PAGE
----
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Phuket 2.0

August 18, 2010

Market dynamics are evolving with a game changing shift in tourist profile from a historical ‘Eurocentric’ dependence on long haul European visitors to short haul Asian travelers. Driving this trend is a weakening of the euro and pound which have jolted traditional market sentiment and transformed travel patterns to the resort island destination.


First half of 2010 signaled a rebound of Phuket tourism with a growth of passengers by 28% vs. H1 2009 and 11% compared to H1 2008. A boost in direct flights from Asia and Australia contributed to a surge in the number of flights by 30% and 11% compared to first half of 2009 and 2008 respectively.

The effect of political demonstrations in Bangkok hit passenger traffic through Phuket International Airport in Q2 2010 as evidenced by a 38% decrease from the previous quarter comparing to a 26% shortfall for the same period last year.

Thailand’s Airport Authority (AOT) expansion program of Phuket International Airport is underway with a start of construction activity by the end of this year announced. Scheduled to complete by 2013 the improvements will double annual airport capacity to 12.5 million passengers. AOT is soliciting bids for a jet terminal as part of its business development strategy. The proposed terminal is planned to be up and running in the next three years to serve demand from private charter jets and high net worth individuals.

A significant sign of recovery can be seen in the improvement of hotel wide performance. Hoteliers saw higher occupancies rise from 61% in H1 2009 to 70% in the same period this year.
This came at a cost resulting in a decrease in room rates by 9%. There might be blood as the hotel pipeline still shows development resilience and investment confidence with an additional 4,538 rooms or an 11% spike over the next four years. A concern on oversupply could be cushioned by induced demand and larger trading volumes come into play in the long term prospects.
The key storyline of infrastructure enhancements aimed at supporting a mass tourism model continues to create controversy about the future of Phuket 2.0.”
Upward trend in room demand will gradually drive average daily rates and RevPAR higher. As east coast hotels reach critical mass, questions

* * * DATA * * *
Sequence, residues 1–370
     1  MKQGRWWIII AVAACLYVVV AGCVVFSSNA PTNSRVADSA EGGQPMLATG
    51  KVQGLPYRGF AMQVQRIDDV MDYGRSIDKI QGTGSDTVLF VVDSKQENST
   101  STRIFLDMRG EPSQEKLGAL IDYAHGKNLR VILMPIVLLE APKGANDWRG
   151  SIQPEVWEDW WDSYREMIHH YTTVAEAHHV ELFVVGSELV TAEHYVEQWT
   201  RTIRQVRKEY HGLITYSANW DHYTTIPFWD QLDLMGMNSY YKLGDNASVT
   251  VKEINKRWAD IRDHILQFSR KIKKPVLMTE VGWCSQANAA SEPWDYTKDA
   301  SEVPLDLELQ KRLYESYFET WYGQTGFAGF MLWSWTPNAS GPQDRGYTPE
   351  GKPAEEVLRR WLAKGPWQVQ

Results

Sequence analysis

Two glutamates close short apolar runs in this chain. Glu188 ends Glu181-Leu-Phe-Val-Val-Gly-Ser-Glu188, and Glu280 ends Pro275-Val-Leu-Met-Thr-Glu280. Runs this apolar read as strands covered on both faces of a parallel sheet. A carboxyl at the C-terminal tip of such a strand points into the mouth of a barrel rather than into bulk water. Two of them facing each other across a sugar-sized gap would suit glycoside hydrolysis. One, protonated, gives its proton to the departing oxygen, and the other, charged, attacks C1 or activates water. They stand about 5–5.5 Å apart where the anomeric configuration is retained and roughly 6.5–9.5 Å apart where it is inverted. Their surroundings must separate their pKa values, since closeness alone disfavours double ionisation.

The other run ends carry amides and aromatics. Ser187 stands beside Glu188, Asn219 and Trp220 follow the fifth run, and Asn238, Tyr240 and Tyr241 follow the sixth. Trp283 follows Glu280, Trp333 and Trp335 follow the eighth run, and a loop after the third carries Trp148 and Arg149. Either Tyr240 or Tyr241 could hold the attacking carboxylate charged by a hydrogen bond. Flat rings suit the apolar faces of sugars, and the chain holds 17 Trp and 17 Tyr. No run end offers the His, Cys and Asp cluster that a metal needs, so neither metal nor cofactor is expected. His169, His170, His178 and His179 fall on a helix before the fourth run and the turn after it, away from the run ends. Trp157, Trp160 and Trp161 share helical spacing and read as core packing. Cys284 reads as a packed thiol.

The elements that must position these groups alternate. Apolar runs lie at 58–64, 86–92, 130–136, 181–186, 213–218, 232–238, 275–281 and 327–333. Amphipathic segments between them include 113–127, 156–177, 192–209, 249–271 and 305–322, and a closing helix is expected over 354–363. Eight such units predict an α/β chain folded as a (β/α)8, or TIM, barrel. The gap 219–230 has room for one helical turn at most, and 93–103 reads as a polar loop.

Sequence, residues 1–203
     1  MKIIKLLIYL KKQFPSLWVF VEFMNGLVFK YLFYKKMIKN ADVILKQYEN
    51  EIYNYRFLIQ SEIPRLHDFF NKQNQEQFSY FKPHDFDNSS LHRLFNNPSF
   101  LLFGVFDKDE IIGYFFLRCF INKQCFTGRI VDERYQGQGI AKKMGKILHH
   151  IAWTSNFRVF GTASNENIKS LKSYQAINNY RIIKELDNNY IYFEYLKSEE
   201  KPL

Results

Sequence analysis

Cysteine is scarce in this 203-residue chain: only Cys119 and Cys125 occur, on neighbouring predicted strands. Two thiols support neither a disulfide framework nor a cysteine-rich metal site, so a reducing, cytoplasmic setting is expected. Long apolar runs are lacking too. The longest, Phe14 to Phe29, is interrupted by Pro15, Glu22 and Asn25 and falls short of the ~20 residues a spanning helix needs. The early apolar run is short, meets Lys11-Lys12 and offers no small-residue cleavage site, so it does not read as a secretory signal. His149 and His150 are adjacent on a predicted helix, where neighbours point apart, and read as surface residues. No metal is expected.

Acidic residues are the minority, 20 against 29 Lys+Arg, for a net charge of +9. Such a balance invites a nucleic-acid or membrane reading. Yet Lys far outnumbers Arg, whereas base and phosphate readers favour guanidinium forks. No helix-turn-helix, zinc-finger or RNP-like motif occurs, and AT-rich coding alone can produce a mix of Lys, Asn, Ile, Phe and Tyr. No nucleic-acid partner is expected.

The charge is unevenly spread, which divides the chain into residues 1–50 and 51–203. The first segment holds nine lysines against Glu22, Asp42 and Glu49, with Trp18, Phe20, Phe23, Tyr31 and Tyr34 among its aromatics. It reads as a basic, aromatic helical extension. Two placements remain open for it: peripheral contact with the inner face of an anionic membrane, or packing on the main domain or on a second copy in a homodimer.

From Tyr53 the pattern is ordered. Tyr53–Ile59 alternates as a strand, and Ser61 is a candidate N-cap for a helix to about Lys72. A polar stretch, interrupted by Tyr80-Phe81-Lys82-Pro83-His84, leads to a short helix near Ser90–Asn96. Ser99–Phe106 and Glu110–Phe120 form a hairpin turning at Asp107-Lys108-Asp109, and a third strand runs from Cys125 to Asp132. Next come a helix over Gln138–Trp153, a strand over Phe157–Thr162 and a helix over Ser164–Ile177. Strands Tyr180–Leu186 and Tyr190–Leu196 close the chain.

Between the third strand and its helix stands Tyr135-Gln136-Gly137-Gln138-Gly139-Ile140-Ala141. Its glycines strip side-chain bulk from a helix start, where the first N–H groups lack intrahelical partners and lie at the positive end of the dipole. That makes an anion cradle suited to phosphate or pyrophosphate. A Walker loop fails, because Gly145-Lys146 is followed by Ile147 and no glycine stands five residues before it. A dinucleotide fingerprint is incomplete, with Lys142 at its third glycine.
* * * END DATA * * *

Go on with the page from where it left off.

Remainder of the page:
remain on market acceptance and resulting penetration. Forecasted robust growth from Asia and Eastern European visitors will create challenges to hotels with new pricing sensitivity, shift in location preference and demand generators.
Currency devaluation of the euro and U.K. pound could prolong a move back to sustained growth. Increasing concern on supply and demand with new openings representing 33% of the development pipeline expected to enter the market supply within the second half 2010.

“Phuket hotels are back on track from the low point of last year. Passenger traffic through Phuket International Airport in H1 2010 surged 28% from a year ago, and 13% from the latter half of 2009 signaling a solid return in its tourism industry. A significant sign of recovery can be seen in the improvement of hotel wide performance. Hoteliers saw higher occupancies rise from 61% in H1 2009 to 70% in the same period this year. This came at a cost resulting in a decrease in room rates by 9%.

Upward trend in room demand will gradually drive average daily rates and RevPAR higher. As east coast hotels reach critical mass, questions remain on market acceptance and resulting penetration. Forecasted robust growth from Asia and Eastern European visitors will create challenges to hotels with new pricing sensitivity, shift in location preference and demand generators.

Currency devaluation of the euro and U.K. pound could prolong a move back to sustained growth. Increasing concern on supply and demand with new openings representing 33% of the development pipeline expected to enter the market supply within the second half 2010.

Sustained devaluation of U.K. pound has directly impacted shrinking British inbound market. Australian visitors have been the number one source market since 2005 with a compound annual growth rate (CAGR) of 31%. The global economic crisis in 2008 initiated a dramatic shift from the long haul European tourists to the short haul Asian and Middle East market, contributing to a transition in guest profile and needed adjustment of product offerings. U.S. and European currencies remain volatile and have contributed to a potential transformation in Phuket’s guest profile towards greater reliance on Asian countries with growth economies.

Source: C9 Hotelworks Market Research

C9 2010 Hotel Market Update: Mid-Year Edition August 2010

About C9 Hotelworks : C9 Hotelworks is an internationally recognized consulting firm with extensive experience in the Asia Pacific region.

Their core business focus includes: Hotel and Resort Development / Asset Management / Ownership Representation / Project Feasibility and Analysis

With key competencies including international hotel operator search, selection and contract negotiation, mixed use hotel and residential planning and operation reviews. A wide range of both institutional and private developers and a comprehensive portfolio of completed projects, give C9 the skill set and background to focus on key issues, evaluate complex ones and assist their clients in achieving solid results.

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